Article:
"You must be having a laugh" I replied referring to their panel of so-called experts, as I do try and avoid attending left-wing show trials and especially meetings where Cllr Ian Driver is looking for more opportunities for megaphone diplomacy. An example that Labour's Alan Poole chose not to follow more recently in Ramsgate. In any event, they may not have spotted that it's the same evening that the Tesco application for a 'Metro' in Westgate, comes before the Planning Committee and I think that local people in my own ward might rightfully expect me to be there, speaking for them, rather than play the same game of soapbox political charades, more commonly associated with Cllrs Driver and Worrow.

Let's just remind ourselves why Cllr Driver is so popular with the publishers of Thanet Watch, in his own words: " I was in Militant Tendency. Yes I was in the early 1980 and proud of it! I was a Member of Arthur Scargill's Socialist Labour Party.  I later led the opposition against Scargill’s dictatorial leadership of the party, was expelled and retired from politics until I rejoined the Thanet Labour Party. "

Based on the experience of political farce, both inside the Council chamber and outside, quite why anybody would believe that one could achieve anything remotely resembling intelligent debate on any sensitive issue, with Cllr Driver present, I really don't know.

I do however believe that most people, here in Thanet, are astute enough to realise there's an agenda behind the films and meetings regularly turned-out from this small coterie of political activists in Broadstairs. Many of them have, I'm sure moved on from the glory days of CND and Greenham Common, reduced to scaremongering about the future of our Health Service in Thanet or human rights in Israel.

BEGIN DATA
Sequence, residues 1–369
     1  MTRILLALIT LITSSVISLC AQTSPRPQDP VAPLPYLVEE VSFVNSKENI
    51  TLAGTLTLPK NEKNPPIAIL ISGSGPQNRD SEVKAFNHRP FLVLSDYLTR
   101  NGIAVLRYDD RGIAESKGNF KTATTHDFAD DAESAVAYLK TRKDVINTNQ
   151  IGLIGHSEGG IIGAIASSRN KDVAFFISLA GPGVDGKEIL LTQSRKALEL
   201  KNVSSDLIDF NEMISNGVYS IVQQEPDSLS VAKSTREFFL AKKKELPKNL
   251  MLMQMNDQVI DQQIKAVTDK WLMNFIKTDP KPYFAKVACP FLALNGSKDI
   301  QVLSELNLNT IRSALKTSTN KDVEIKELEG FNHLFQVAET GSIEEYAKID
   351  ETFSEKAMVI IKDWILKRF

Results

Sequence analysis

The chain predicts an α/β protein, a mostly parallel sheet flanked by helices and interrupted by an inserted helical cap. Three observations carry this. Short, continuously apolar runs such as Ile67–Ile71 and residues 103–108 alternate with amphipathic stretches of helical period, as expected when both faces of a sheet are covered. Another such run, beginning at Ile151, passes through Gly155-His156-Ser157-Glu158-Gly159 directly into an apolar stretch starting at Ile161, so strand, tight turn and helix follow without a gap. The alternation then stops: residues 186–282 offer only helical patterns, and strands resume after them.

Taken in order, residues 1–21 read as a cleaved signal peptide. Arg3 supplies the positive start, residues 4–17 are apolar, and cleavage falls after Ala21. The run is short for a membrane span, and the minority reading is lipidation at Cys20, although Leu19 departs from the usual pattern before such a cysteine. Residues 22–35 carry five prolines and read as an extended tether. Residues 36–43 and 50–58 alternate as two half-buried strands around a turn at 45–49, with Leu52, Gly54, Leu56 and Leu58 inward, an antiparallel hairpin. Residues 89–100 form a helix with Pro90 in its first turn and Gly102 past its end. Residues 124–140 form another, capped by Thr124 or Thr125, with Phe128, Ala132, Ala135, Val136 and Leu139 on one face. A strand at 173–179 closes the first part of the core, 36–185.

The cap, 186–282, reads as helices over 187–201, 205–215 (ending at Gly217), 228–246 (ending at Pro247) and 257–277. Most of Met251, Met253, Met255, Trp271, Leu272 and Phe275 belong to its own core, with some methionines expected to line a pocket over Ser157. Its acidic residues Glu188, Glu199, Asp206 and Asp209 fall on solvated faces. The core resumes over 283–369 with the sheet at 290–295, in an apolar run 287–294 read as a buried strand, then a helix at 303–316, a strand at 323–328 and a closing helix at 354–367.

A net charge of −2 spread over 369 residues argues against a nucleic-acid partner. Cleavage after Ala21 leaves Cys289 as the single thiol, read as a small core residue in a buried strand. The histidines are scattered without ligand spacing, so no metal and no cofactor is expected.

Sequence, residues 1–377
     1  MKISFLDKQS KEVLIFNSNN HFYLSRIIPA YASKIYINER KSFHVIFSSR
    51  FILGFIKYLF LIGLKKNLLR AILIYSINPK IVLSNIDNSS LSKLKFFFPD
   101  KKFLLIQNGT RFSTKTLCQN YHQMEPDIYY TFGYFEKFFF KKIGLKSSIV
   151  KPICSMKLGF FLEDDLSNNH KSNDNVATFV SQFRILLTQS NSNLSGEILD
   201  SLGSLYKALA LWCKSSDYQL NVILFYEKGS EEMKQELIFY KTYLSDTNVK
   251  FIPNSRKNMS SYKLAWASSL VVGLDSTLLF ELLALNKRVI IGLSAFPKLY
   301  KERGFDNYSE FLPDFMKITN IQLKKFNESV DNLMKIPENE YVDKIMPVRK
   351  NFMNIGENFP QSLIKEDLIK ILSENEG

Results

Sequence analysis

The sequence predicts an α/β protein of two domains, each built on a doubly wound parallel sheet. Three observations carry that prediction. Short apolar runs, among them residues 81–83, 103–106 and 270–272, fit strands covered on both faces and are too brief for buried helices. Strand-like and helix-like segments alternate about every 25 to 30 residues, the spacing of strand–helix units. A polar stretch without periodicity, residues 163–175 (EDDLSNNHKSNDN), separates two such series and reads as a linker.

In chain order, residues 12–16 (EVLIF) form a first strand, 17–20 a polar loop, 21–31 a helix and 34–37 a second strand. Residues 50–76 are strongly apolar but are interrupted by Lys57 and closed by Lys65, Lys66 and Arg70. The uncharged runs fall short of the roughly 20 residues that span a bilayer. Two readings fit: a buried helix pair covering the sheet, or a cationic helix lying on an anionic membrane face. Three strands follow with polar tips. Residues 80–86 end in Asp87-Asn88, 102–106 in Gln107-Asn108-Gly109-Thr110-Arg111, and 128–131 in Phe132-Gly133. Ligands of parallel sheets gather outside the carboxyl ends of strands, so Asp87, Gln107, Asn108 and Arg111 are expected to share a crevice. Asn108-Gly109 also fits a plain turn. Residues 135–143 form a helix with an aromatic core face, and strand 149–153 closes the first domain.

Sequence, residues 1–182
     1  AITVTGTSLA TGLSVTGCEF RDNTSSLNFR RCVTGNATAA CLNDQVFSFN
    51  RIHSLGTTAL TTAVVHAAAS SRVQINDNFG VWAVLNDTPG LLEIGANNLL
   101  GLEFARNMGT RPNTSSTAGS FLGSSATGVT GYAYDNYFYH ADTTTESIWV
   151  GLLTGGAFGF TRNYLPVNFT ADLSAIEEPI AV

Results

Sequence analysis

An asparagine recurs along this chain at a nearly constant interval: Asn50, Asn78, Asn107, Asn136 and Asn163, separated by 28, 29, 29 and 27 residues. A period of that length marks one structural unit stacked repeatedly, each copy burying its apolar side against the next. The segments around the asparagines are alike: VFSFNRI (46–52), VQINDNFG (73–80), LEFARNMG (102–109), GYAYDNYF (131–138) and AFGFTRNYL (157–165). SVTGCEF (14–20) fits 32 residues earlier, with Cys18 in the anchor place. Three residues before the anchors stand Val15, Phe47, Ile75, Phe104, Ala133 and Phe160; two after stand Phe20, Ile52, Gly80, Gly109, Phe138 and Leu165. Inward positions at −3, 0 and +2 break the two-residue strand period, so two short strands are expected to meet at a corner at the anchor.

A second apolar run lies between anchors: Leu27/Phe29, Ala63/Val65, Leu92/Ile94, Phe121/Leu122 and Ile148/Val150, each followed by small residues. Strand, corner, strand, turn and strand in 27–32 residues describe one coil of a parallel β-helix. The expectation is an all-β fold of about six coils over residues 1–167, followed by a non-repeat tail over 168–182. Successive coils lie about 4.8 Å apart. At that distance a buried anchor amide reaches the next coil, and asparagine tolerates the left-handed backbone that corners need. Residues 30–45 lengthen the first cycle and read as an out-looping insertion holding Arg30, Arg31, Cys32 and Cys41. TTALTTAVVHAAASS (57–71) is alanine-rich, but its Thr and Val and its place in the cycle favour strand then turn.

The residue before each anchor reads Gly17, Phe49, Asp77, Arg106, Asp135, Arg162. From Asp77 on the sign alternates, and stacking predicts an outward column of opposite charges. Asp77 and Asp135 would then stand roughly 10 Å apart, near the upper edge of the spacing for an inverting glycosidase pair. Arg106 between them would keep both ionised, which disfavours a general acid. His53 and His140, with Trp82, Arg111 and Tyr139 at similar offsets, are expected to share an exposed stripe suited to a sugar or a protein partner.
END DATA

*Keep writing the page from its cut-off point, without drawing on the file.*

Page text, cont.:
In the last fortnight, I've seen wild  allegations flying around that are both unsubstantiated and malicious. I've even read a suggestion on another weblog that I be jailed along several councillors and council officers for my own non-specific involvement in local politics.

This is a time for calm reflection and not idle speculation, to avoid further damaging the reputation of local politics and confidence in local government. Once all the dust has fully settled in a few weeks then I expect local bloggers and others to look at the bigger picture, based on the evidence, rather then the urgent pursuit of political opportunism.

Saturday, March 09, 2013

Pay and Display

One desperate driver has been forced to go to extraordinary lengths to avoid the new scale of car parking charges introduced by Clive Hart's Labour administration but at St Mildred's Bay this morning, the results were somewhat unexpected.

The story, as reported to me, was that a young man, possibly inspired by last weekend's beach racing on Margate sands, decided to take his girlfriend on a romantic beach detour, yesterday evening and then discovered that his Ford didn't have 4WD.

As I write, the tide is still coming in and the recovery truck on the promenade, out of picture, is quite helpless.

I used to see this quite often as a boy but mostly fisherman who were stuck, trying to launch or recover their boats. My friends and I would sit on the promenade and watch nature take its course as the vehicle slowly submerged on the incoming tide.

Remaining with Westgate, I hear reports of a new campaign to 'Save' our library. This came as a surprise to both me and our county councillors and it transpires,  this is all part of a new campaign to promote Labour's John Edwards ( presently a Dane Valley District Councillor) as a prospective county candidate in May against the sitting Conservative, Cllr Robert Burgess. Other than leafleting, it's reported that both John and Westgate's Jodie Hibbert, are presently living in a small tent  and a cardboard box, outside the library, firmly resolved to keep it open, even though there are no plans to close it. There they are pledged to remain, until either the date of the election or it is 'Saved,' whichever comes first.